they often have no other choice than to come up with radical product innovation (Cohen & Klepper,
1996). Large firms on the other hand have an existing output infrastructure and resource base.
Therefore they rather select innovation projects that can be developed and put in to the market place
through this resource base and infrastructure, than projects that do not. This naturally makes the
innovations selected less radical as they need to fit in with the firms’ innovation activities that are
already running.

Ownership-management consolidated

Adam Smith (1776) argued in the “Wealth of Nations” that when in a firm ownership is separated
from management, management will inevitable begin to neglect the interests of the owners at some
2
The question that remains is if incremental improvement is actually inferior to radical innovation. Both developments are
probably just as necessary and part of the product/organizational life cycle. Radical innovation is important early on in the launch of a
product/firm and incremental innovations are important later on when the product/firm has matured. It would thus be unfair to make
value judgments about one of the two is better. The literature is divided on this and that is why much of theory does not even speak of
“process improvement” but instead of “process innovation”. However in our definition of innovation we do refer to innovation as “a
process that begins with an invention, proceeds with the development of the invention, and results in the introduction of a new product,
process or service to the marketplace”. Incremental process improvement does not introduce a new product or service; it instead merely
improves upon these. Therefore with our definition of innovation, this focus on radical product innovation instead of on incremental
process improvement is described as an advantage to small firms.
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point, creating dysfunction within the firm. This argument is still valid today. The nature of small
firms is that ownership and management are usually one entity; most entrepreneurs that start a firm
control it, at least in the first stages of the growth of the firm when it is relatively small. In large firms
ownership and management is usually separated. Large firms may be owned by public or private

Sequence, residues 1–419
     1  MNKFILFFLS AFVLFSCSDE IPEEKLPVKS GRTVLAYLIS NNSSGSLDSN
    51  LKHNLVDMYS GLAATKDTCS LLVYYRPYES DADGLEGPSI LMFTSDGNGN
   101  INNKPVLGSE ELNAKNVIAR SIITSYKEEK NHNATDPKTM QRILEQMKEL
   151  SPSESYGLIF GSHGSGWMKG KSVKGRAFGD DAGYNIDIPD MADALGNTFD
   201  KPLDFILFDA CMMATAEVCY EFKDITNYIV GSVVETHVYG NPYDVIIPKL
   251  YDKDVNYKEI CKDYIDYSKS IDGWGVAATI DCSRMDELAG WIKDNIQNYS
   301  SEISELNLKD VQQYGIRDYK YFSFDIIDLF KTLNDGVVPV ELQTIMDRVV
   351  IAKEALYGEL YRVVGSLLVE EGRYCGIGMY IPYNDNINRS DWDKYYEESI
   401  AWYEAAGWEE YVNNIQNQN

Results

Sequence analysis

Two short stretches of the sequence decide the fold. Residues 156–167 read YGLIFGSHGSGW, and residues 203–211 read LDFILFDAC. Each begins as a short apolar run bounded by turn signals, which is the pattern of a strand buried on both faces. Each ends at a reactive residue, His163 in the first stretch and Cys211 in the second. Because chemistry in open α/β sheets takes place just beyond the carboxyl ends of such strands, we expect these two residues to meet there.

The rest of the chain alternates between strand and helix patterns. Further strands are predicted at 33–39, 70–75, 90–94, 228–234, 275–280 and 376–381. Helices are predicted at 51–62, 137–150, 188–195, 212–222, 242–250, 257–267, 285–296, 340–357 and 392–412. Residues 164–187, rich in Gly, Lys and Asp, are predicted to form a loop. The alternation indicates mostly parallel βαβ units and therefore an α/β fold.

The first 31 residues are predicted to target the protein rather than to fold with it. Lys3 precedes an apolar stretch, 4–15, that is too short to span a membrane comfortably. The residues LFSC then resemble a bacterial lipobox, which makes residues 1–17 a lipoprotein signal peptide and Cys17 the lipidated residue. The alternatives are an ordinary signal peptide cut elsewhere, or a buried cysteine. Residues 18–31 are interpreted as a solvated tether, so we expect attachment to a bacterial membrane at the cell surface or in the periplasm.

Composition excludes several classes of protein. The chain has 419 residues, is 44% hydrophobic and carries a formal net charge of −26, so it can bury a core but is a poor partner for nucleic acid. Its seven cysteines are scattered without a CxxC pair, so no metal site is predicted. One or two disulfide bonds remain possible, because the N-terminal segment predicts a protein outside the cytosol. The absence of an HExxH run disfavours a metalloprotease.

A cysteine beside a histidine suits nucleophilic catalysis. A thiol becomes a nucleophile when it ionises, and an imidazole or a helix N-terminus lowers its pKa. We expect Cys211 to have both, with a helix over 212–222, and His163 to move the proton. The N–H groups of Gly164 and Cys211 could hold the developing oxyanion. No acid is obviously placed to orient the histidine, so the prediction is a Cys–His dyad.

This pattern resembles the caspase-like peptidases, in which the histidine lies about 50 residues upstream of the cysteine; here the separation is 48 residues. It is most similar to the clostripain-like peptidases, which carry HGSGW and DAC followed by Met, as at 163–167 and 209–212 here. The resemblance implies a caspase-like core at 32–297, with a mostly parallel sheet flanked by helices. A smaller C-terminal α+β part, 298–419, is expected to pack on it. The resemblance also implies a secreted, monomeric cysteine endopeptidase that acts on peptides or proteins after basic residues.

stockholders who have appointed managers to operate on behalf of them and in their advantage.
However, this construction is often problematic as managers’ performance can only be evaluated by
short-term financial measurements such as revenue and profit goals which do not take into account
long-term growth in immaterial assets such as innovation. The nature of this construction ensures
managers’ main focus will be on short-term profit maximization (Crane, 1997) and less on the long-
term growth in immaterial assets such as innovation. The fact that managers operate with other
people’s resources, may also make them more risk-averse (Hicks, 1935) which is bad for innovation.
More so than the owners of small firms, managers in large firms will try to avoid risky decisions, but
these decisions do not necessarily benefit innovation, which in its nature is a risky endeavor. In this
respect, small firms are at a great advantage as it enables their owners to make long-term strategic
decisions regarding innovation and make the resources available for these projects without having to
justify their decisions with their shareholders.

Innovation as a goal

Marx (1844) introduced the concept of worker alienation in 1844, yet it appears to be as valid as
it was more than a century ago. Worker alienation describes how a worker may become alienated with
the product he produces because its design and production are appropriated by the owners of the firm.
The workers feels increasingly less connected with the product he produces as he has less influence on
it. He merely executes the orders of management in the production of the product. This effect becomes
apparent when firms grow large. Employees in large firms have less contact with the actual product or
service they are offering than in small firms. They receive tasks and orders and act in functional
departments where they often only produce part of the product. A package designer may create
packaging designs for thousands of products, most of which he will never actually touch or have
anything to do with. Therefore, they may become less motivated to do their creative work than in a
small firm. In a small firm, there is a few products offered and engineers and other creatives often
have multiple roles in which they are closely responsible for the entire product development and
marketing. In addition, the financial compensation of an employee in a small firm may be more tightly
linked to performance than in a large firm; engineers often receive a compensation package in small